Gender diversity in senior roles: What will it take to see progress?

The issue of gender diversity on boards and in executive management has been kicking around for decades. Over the years, the debate has shifted from a focus on fairness and equity, to one of superior corporate performance with many studies including those from McKinsey, Catalyst and Credit Suisse showing that companies with a higher proportion of women on boards and in senior management perform better on many key financial measures. 

But even in the face of strong evidence that diversity is good for business, it’s an issue with which corporate Australia continues to grapple and progress has been painfully slow. 

Progress on gender diversity

Four years ago, the ASX Corporate Governance Council introduced a recommendation for ASX-listed companies to establish and publish a diversity policy and measurable objectives for achieving it.  The Council also recommended that companies disclose in their annual report the proportion of women employees in the organisation, in senior executive roles and on the board. 

The aim of this reporting was to track progress on gender diversity initiatives. Without ‘hard facts’, companies and stakeholders would have no way of knowing whether particular programs were working and if women’s participation was actually increasing.

The world’s largest fund manager, Blackrock, considers gender diversity to be such an important factor in predicting investment performance that it conducts an annual study into the diversity disclosures of the ASX 200. 

Blackrock’s first report for the 2011 financial year found that women accounted for just a little over 14 per cent of non-executive directors. What’s more, only eight per cent of key management personnel were women. 

The latest report for the 2014 year showed some improvement, but mostly at the board level, with 21 per cent of women in non-executive director roles and 10 per cent in key management personnel roles.

Commitment to gender diversity not in the corporate ‘DNA’

Despite broad agreement that we can definitely ‘do better’ to boost the number of women in senior roles, progress is only occurring at a glacial pace. Female participation at the highest ranks continues to fall far short of best practice. 

Interestingly, the most recent Blackrock report noted that the overall standard of diversity disclosures, even in the  ASX 200, was ‘perfunctory’ at best, prompting the leading fund manager to conclude that ‘gender diversity is not in the DNA of most companies’. If, as the report suggests, the quality of governance disclosures, including on diversity, reflects directly the quality of the board, its decision making and the company’s culture, then we have cause to be concerned about how genuinely committed the majority of Australian companies are to change.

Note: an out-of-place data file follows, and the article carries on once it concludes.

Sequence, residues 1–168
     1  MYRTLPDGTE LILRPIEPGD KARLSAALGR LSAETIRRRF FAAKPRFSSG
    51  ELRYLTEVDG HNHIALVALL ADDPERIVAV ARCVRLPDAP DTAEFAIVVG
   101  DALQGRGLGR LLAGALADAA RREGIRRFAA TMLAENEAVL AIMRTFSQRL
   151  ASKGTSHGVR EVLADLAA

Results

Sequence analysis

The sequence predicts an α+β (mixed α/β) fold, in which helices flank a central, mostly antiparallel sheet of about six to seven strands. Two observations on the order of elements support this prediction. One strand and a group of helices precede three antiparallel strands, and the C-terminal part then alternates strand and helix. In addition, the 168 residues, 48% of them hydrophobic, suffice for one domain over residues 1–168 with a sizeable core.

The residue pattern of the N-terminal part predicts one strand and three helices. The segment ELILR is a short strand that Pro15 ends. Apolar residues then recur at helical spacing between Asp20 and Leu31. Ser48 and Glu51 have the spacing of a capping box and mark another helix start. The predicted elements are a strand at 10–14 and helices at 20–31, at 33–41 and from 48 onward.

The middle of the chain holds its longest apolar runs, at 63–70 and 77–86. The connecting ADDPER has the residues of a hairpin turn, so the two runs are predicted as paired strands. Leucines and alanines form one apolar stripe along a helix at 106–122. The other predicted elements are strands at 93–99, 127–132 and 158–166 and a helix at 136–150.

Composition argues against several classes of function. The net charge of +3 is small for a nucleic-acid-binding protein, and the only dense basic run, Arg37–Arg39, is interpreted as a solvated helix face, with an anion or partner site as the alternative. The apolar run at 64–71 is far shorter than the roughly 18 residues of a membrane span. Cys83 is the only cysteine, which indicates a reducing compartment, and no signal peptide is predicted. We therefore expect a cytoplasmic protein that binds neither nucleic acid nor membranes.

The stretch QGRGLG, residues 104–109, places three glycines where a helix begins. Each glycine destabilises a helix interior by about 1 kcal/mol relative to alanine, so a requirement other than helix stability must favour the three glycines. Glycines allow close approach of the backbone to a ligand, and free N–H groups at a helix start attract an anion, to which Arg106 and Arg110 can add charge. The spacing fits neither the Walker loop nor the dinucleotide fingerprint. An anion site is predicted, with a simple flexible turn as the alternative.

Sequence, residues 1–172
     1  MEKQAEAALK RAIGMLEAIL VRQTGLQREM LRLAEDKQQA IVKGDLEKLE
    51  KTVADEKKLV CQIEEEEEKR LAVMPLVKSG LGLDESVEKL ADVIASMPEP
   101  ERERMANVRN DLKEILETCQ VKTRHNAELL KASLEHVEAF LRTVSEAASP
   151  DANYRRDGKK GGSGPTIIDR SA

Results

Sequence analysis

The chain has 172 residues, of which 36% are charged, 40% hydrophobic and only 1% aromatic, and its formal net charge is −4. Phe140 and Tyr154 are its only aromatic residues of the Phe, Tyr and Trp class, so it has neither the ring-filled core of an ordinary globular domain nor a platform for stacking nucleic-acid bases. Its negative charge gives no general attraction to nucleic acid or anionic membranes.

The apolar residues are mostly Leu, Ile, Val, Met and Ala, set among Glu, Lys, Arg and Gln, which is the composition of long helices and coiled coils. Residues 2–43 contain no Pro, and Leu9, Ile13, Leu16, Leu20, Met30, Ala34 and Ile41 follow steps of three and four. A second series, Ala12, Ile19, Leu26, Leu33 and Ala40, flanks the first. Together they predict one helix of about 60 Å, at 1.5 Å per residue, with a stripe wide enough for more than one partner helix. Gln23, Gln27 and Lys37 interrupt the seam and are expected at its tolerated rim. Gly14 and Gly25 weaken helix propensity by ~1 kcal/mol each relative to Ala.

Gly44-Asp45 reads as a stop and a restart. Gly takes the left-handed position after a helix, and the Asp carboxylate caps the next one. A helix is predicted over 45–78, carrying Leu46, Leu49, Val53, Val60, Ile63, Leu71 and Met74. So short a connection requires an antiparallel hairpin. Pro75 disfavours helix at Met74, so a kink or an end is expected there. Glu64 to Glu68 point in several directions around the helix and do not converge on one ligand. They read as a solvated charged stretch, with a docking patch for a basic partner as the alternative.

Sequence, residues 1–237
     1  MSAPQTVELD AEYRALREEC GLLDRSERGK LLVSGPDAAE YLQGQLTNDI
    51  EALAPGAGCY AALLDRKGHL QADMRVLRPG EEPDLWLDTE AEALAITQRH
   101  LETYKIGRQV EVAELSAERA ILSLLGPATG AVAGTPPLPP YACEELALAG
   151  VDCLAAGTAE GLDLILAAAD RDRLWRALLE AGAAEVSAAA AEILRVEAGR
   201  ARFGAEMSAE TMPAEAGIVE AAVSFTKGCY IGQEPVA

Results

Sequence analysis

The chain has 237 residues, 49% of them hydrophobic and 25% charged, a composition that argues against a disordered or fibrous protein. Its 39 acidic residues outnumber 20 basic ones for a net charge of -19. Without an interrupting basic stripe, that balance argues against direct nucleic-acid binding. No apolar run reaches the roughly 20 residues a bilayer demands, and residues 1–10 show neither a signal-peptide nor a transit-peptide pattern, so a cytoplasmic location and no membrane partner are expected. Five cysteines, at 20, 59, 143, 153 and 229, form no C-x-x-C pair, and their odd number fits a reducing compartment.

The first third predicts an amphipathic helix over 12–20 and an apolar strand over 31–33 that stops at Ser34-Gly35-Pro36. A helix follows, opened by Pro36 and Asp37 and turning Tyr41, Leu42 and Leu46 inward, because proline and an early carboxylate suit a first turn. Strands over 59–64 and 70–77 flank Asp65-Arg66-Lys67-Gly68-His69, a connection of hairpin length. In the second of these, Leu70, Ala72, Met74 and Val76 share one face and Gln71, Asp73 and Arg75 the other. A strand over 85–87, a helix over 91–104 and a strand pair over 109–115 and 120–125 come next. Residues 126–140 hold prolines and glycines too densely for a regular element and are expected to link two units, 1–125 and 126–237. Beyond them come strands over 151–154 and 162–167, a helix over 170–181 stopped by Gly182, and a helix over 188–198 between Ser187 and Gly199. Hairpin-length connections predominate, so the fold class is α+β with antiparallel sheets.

The vexed issue of quotas for boards

Quotas are increasingly being discussed because of the growing impatience with the glacial pace of voluntary change. 

Many European countries are imposing quotas to prescribe the proportion of women on boards. Norway, Belgium, Iceland, Italy, the Netherlands, Spain and France have all embraced legislative quotas. The UK government has also raised the prospect of quotas if companies do not appoint more female directors voluntarily.  

Women comprise 45 per cent of the Australian workforce and more than 50 per cent of our tertiary education graduates, yet represent only about one-fifth of the membership of boards on ASX 200 companies and one-fifth of new appointments. Women account for 40 per cent of property investors, 40 per cent of professionals in Australia and make 90 per cent of spending decisions.  

Companies that discount the importance of promoting and retaining talented women in leadership roles will therefore be challenged to remain sustainable.

The 2014 Blackrock research stated that investors now see gender diversity as a ‘window’ into the quality of board thinking and decision making. Blackrock explicitly put boards on notice that diversity is now included in the voting guidelines of the proxy advisers and may be relevant to recommendations on director elections.

As was expressed to me by a major institutional investor: ‘If they are missing this, what else is the board missing?’ That question is unlikely to go away. Which means that debate on quotas is unlikely to go away, if corporate Australia does not increase the pace of change.

Should the failure of voluntary action to deliver gender balance on boards within a practicable timeframe be a wake-up call for stronger measures? And are quotas for boards part of the answer? Let us know what you think.  

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